Review: Coriolanus Would Make a Better President Than Trump or Biden

Hudson Classical Theater Company stages Shakespeare’s republican tragedy under a Roman monument.

Roxann Kraemer, Cindy Xu, Benjamin Farmer, and Fever Hawk Browne appear in Shakespeare’s Coriolanus, directed by Nicholas Martin-Smith and Joseph Hamel, for Hudson Classical Theater Company in Riverside Park.
(© Susane Lee)

The architects of the United States have long endeavored to style our republic after Rome. We can see their efforts in the gleaming white marble of the Capitol, the stately columns standing sentry outside the Supreme Court — and, on Manhattan’s Upper West Side, the small cylindrical temple that was erected 122 years ago in Riverside Park to honor the soldiers and sailors fallen in defense of the Union. This appropriation of ancient legitimacy ominously invokes a violent, fratricidal history, which Hudson Classical Theater Company is happy to remind us of in its bracing and bloody staging of Shakespeare’s Coriolanus, now playing on the north patio of that very monument.

Patrician general Caius Martius (Benjamin Farmer) is openly contemptuous of the rabble, dismissing their plebian hunger as the bellyaching of a parasitic class. He earns his keep by defending the homeland and expanding Rome’s dominion. When he defeats the Volscians at Corioli, he is given the agnomen “Coriolanus.” A consulship seems to be in his future, but first he will have to flaunt his war wounds before the very same riffraff he despises. “…’twas never my desire yet to trouble the poor with begging,” says the proud aristocrat, who believes he has already earned his position as a leader of men. Scheming Tribunes (read: career politicians) Brutus (David Palmer Brown) and Sicinius (Annette Fox) are happy to disabuse him of this delusion.

Farmer cuts a striking figure in the title role, sporting a severe glower and shaved head — not, I suspect, out of allegiance to any political ideology but to prevent his opponents in combat having something to grab onto. Fight directors Jared Kirby, Tony Mita, and Olivia Ball have staged thrillingly panoramic battle scenes, but none are as heart-pounding as those featuring our title character. I gasped as Farmer leapt over the wall of the monument and charged a group of Volscians, his face doused in blood. In his extended tussle with Volscian leader Aufidius (a dashing Joshua Gutierrez) we can feel their mutual rage morphing into begrudging respect — one alpha male to another.

Coriolanus (Benjamin Farmer) battles with Aufidius (Joshua Gutierrez) as a Volscian soldier (J. Robert Coppolla) looks on in Hudson Classical Theater Company’s production of Coriolanus.
(© Susane Lee)

He wields the verse as effectively as his fists, particularly in the third act when he unleashes his invective, warning that too much deference to popular opinion will eventually “Break ope the locks o’ th’ Senate and bring in / The crows to peck the eagles.” Convincing and charismatic, this is a Coriolanus that, in a different age, would have made a fortune as a trad bro podcaster.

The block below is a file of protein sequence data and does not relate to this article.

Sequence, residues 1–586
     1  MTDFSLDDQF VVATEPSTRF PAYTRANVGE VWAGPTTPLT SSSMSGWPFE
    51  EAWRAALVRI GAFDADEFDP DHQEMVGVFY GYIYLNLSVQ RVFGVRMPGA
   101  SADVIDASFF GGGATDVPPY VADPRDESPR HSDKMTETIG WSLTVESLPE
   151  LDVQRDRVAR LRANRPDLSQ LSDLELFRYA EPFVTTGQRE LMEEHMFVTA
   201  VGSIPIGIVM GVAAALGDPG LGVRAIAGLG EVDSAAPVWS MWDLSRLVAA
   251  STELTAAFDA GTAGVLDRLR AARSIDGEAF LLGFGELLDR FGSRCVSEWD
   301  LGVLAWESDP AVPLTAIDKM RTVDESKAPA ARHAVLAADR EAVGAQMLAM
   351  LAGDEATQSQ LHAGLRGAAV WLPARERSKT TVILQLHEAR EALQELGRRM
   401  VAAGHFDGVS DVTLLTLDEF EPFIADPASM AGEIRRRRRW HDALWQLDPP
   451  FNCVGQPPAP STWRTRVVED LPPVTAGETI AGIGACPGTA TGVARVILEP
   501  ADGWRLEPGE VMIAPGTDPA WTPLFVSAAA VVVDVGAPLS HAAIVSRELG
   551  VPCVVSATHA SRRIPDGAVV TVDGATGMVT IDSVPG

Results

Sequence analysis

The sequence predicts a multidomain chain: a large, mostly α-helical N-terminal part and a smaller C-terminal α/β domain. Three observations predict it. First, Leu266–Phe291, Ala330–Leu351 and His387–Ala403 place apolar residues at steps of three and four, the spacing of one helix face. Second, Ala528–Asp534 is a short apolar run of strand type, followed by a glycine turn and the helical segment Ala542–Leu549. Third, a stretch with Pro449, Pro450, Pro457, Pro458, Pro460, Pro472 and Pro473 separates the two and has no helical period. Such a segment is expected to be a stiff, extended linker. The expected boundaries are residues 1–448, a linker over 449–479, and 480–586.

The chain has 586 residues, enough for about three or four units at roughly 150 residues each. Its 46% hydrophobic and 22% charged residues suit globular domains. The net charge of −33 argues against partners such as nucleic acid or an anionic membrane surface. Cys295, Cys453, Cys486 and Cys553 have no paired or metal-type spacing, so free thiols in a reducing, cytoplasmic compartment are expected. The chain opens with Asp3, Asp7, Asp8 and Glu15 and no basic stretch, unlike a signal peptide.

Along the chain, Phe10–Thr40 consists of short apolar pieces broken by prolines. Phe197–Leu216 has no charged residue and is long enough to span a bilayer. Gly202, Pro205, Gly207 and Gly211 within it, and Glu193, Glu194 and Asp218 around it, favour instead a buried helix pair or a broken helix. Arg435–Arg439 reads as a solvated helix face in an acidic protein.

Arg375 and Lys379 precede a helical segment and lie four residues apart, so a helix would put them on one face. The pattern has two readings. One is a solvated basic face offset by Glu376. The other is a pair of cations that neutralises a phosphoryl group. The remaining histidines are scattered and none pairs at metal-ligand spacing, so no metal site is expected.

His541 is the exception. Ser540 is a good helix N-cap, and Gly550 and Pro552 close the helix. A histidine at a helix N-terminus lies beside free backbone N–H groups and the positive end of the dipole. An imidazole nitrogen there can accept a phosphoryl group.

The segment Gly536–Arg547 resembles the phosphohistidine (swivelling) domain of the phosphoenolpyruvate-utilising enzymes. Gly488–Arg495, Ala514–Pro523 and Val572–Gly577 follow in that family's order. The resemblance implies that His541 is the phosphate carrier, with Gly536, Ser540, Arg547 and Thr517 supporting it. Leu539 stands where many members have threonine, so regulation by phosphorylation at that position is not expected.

Unfortunately, Farmer’s excellence only underlines the weakness of the would-be consul’s opposition. Brown and Fox are halting and unsteady voices of the people, stumbling over their lines in a manner that is positively Bidenesque. Coriolanus is clearly an asshole, but it’s hard to believe that any honest observer could walk away from the market thinking that Brutus and Sicinius won that debate. That makes the ensuing events (Coriolanus is banished from Rome and becomes a turncoat) even more implausible.

The production is aided by strong supporting performances from Bruce Barton as Menenius (the silver-tongued patrician trying to play ringmaster to this circus) and Roxann Kraemer as our protagonist’s ambitious mother Volumnia, who reminded me of Saddam Hussein’s proclamation, following the deaths of his sons, that if he had 100 more, he would wish them all similar martyrdom.

Coriolanus (Benjamin Farmer) confronts an army of Volscians in Hudson Classical Theater Company’s production of Coriolanus in Riverside Park.
(© Susane Lee)

Co-directors Nicholas Martin-Smith and Joseph Hamel deliver a smart cut and efficient staging that takes full advantage of their found venue and all its eccentricities. Usually a nuisance, each passing Blade helicopter over the Hudson serves as a force multiplier in their cinematic vision of modern warfare. Camouflage abounds, but costume designer Tanuka Ghosh shrewdly understands the value of a well-placed accessory: a dangling pendant for Volumnia, a Keffiyah for Aufidius. It all comes together to tell the story of the theater of power, in which a youthful face and a stirring turn of phrase can win or lose an empire.

Of course, rhetoric isn’t all that matters. Mediocrity regularly triumphs over merit in a democracy, and resentment is the weapon of choice. The plebs and Tribunes have plenty of reason to resent Coriolanus and his ilk, but it’s hard to accept their triumph when he is holding all the cards — and more importantly, the guns.


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Closed: July 21, 2024